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I am a fan of paired trading, as I like how having long and short positions in related securities can help reduce risk.

My favorite type of paired trade is to buy (go long) the best company in an industry and short the worst company. This strategy allows for hedging of a position, so if the entire industry suffers a downturn, the overall damage should be minimized because, theoretically, the gain from shorting the worst company should outweigh the loss from owning the best company. I think paired trades are especially good with cyclical or commodity-dependent stocks where there always seem to be unpredictable external macro factors.

One industry that comes to mind with those conditions is semiconductors, where I see an interesting setup for a paired trade.The long part of this trade will be Lam Research (NASDAQ:LRCX), the maker of semiconductor manufacturing equipment. Lam’s specialties are in etching equipment and wafer cleaning systems. Lam has a market cap of just under $7 billion, but $900 million in net cash for an enterprise value of about $6 billion. LRCX trades for 11.6x free cash flow, and from FY2004 to the trailing twelve month period steadily increased gross margins from 46% to 51.3% and net profit margins from 9.7% to 25.4%, as well as FCF return on capital from 17.1% to 31.9%. Lam has also been aggressively using its cash to repurchase stock, and over $200 million remains allocated for further buybacks. I value LRCX at $57/share, or 17% upside from the most recent closing price.

Applied Materials (NASDAQ:AMAT) is another chip fabrication equipment provider, and one of the larger competitors in the space with an enterprise value of $24.4 billion. AMAT trades for 14.3x FCF, although that 23% premium to LRCX is in spite of 5 year forecasted growth of 15% for AMAT and 20% for LRCX. Gross margins stand at 47%, fewer than 100 basis points above where they were in FY2004. Net margin is 18.5% for Applied Materials, 130 basis points above FY2004’s reading. FCF return on capital is a solid 26.5%, but has slipped from the 30.7% return generated in FY2004. Although Applied Materials is a good company, I believe it is overvalued on a peer-comparable basis and cash flow basis. I value AMAT at $17, or 9% below the most recent closing price.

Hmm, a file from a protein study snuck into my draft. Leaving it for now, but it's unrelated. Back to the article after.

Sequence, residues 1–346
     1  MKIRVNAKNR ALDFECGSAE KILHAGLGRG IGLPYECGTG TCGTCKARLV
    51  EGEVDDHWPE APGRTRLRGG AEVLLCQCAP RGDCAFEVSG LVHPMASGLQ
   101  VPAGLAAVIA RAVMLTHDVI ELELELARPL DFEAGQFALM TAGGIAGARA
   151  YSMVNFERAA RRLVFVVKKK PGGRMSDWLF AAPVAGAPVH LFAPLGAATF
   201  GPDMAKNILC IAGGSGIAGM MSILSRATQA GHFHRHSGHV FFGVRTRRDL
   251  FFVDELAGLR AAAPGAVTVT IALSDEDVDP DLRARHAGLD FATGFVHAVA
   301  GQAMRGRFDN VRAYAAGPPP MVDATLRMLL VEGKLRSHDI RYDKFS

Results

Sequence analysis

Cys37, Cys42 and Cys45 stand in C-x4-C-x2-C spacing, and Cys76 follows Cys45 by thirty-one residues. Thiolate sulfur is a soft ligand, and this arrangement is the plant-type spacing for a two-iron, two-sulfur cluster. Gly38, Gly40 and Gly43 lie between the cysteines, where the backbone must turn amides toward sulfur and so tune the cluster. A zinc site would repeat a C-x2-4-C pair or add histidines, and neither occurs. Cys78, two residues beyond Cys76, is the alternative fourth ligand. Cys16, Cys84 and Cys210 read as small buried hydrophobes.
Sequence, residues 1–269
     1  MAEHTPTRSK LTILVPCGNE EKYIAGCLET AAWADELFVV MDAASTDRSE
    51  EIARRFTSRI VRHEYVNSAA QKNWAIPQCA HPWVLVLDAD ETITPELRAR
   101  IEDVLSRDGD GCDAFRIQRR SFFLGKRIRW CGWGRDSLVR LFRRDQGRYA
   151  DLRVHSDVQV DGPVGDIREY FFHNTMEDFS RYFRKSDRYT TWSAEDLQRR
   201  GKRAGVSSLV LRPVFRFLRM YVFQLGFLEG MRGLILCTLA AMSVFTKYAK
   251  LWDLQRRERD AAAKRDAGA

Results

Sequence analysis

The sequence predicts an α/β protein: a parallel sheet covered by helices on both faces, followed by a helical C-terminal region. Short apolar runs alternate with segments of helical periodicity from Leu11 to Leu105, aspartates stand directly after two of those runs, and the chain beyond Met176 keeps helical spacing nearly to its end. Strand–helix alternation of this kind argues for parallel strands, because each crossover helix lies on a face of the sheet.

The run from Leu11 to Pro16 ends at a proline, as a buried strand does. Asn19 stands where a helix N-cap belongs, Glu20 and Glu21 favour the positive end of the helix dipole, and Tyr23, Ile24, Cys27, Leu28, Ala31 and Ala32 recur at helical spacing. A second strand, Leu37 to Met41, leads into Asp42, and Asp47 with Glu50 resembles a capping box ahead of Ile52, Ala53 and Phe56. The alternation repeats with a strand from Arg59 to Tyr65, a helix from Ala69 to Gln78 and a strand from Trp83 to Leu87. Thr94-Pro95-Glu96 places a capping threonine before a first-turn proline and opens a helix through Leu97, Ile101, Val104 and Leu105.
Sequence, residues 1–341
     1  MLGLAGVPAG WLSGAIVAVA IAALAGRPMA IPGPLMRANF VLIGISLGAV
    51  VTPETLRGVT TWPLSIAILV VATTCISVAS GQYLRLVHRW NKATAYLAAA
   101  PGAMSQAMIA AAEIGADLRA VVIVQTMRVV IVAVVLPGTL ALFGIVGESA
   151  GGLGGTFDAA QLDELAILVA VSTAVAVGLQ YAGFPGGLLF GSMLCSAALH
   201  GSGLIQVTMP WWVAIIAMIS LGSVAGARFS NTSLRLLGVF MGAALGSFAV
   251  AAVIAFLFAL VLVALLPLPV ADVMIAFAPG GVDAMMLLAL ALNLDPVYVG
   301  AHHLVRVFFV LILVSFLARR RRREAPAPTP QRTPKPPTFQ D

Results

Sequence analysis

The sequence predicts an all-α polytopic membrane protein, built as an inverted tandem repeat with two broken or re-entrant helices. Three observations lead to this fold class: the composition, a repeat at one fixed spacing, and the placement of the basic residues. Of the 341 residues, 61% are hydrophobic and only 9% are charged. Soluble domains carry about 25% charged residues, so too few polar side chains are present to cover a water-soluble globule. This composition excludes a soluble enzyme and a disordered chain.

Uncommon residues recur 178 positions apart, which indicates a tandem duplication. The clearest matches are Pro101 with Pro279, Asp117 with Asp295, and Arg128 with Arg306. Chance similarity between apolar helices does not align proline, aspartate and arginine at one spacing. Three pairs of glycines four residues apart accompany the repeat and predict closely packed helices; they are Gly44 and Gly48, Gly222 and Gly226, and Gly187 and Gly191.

Nearly any metric used to compare Lam and Applied Materials show that Lam is the better company, yet also the more underpriced stock. I have tried to reconcile this paradox and failed, which suggests that there may be a market mispricing present. Yes, concerns about cyclicality in semiconductors abounds, which is why I believe the smart trade is to buy LCRX and hedge the position with a short on AMAT. At the same time, I can’t help but believe that Lam will go higher, while Applied will need to considerably outperform current implied expectations in order to move the stock price higher. In pairs trade terminology, I am suggesting a short of AMAT as the worst company - but “worst” is relative here, and I don’t mean to say that Applied is a terrible company; I simply think Lam is the superior player and the expectations surrounding the stock are too pessimistic, which presents a good opportunity to get long LRCX.

LRCX/AMAT 1-yr comparison chart
LAM AMAT

Disclosure: none

Source: Semiconductor Pair Trade: Long Lam Research, Short Applied Materials